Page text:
Easy Weight Loss with the “Kill It or Grow It” Diet Plan


Body composition is 90% diet. If you are looking for a simple method of losing weight then try this — its track record is tough to beat. Actually, it’s not a diet at all, just a way of looking at food. A way of defining food, really.


Real food, of course.


What Is Real Food?


I’ve written about real food before. I tried to define what “real food” is in my “Real Food Primer.” But I wasn’t very specific so I tried to elaborate in “Real Food Redux.” That was a little better, but it began to complicate things.


And you know how I hate complication.


Things should stay simple for as long as they stay simple. Seems simple, right?


But people like to make things more complicated than they need to be. Or, at least, too complicated for the level where they currently stand.


So let’s save the complicated diets for when you’ve been training for years and you’re getting ready for your first bodybuilding contest. Or maybe for when you’ve been drafted to the pro’s and it’s time to start eating like a world class athlete.


If you’re not there yet, however, then let’s just keep it simple for now.


Kill It or Grow It


I realized, and I’m not the first, that the simplest way to define “real food” is with the idea that if you can kill it or grow it then it’s a likely candidate for food.


Now obviously, you can kill or grow many things that are not food. I can grow an elm tree, but it probably doesn’t taste very good. Likewise, I can kill a cat, but I won’t be eating one anytime soon (don’t worry, I love cats and would never kill one . . . unless it looked at me funny).


A Slippery Slope


Here’s the rub: this plan does require a bit of interpretation. And it’s up to you to determine what is allowed under this plan and what isn’t.


But if you’re looking for a guide, here’s how I approach things . . .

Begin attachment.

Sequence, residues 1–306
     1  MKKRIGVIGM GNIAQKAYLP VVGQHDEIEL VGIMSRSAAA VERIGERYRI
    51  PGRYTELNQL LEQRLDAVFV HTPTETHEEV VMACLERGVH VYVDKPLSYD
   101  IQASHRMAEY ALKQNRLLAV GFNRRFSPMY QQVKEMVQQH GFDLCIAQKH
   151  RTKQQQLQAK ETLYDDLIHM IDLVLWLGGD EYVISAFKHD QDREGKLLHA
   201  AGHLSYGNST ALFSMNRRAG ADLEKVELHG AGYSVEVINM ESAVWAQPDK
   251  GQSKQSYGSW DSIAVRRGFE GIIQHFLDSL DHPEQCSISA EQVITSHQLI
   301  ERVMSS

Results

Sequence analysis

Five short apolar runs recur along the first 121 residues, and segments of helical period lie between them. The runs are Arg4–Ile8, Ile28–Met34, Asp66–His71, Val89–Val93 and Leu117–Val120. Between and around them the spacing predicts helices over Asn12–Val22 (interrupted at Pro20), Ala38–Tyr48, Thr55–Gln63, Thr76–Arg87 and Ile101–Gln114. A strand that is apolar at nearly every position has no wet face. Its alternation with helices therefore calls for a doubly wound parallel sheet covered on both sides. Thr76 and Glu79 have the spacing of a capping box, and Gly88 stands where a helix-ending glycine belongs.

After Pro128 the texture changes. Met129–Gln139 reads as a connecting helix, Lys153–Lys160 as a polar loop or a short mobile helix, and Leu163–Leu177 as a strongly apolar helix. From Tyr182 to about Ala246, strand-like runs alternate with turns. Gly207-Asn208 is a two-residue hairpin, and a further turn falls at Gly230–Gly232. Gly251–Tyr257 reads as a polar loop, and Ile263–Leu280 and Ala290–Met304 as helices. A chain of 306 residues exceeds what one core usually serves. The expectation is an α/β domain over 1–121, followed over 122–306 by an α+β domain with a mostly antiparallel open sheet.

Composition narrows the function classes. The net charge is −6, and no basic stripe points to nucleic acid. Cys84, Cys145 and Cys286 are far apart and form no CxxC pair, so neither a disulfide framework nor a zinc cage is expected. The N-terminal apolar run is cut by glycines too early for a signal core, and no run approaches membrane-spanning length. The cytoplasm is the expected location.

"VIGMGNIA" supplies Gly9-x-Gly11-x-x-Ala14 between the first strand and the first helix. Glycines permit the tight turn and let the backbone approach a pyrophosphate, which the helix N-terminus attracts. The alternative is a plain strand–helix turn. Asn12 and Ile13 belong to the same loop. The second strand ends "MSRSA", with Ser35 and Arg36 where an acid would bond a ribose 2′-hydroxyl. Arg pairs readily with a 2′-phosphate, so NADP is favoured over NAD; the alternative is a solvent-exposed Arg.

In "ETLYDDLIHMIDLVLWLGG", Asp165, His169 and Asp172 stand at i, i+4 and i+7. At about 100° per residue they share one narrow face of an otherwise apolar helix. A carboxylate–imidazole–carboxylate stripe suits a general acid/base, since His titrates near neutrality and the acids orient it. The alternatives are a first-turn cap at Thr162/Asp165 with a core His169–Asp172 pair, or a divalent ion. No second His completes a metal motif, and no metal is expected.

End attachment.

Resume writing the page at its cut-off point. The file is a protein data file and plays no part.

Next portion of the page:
If I can’t tell right off by looking at it that it’s killable or growable, then it’s not food – at least, not food ideal for weight loss.


For instance, what about bread? Bread is made from wheat, and wheat is grown. Right?


But that’s not the question we should be asking. The question should look like this: can we grow a loaf of bread?




We can’t grow a loaf of bread. Therefore it’s not “real food.”


How about a burger? Can we grow a burger?




Can we kill a burger?


I can kill a couple burgers in one sitting. But, no . . . we can’t really kill a burger.


What about cereal? Can we grow Fruit Loops? No.




Depends on what you classify as oatmeal. Apple cinnamon flavored instant oats from a package? Not growable. Steel cut oats? Possibly.


You’ll have to navigate the gray area yourself.


A New Perspective


Once you begin to see food through the lens of “kill it or grow it,” it should become much easier to recognize “real food.”


And if we’re looking to lose weight, then “real food” is what we should be eating.


Now, not every meal has to be composed solely of real food. We can always follow the 80/20 rule (though I prefer the 90/10 rule for those who are very serious about losing weight). The point is to make deliberate informed choices about what foods we put into our bodies.


So next time you’re getting ready to cook up some dinner and aren’t quite sure what to have, consider using the “kill it” or “grow it” criteria. You may not be able to grow or kill that lasagna in your freezer, but steak and green veggies certainly fit the mold.



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  1. The last few years, I’ve been trying to get away from as much processed foods as I can. I definitely noticed I felt so much better just eating protein and vegetables at most of my meals. Eggs + beans + meat for breakfast, salad and veggies for lunch, protein + veggie for dinner. Of course, I still use condiments and I eat chocolate, etc etc…but trying my best to make my meals simpler has made a world of difference.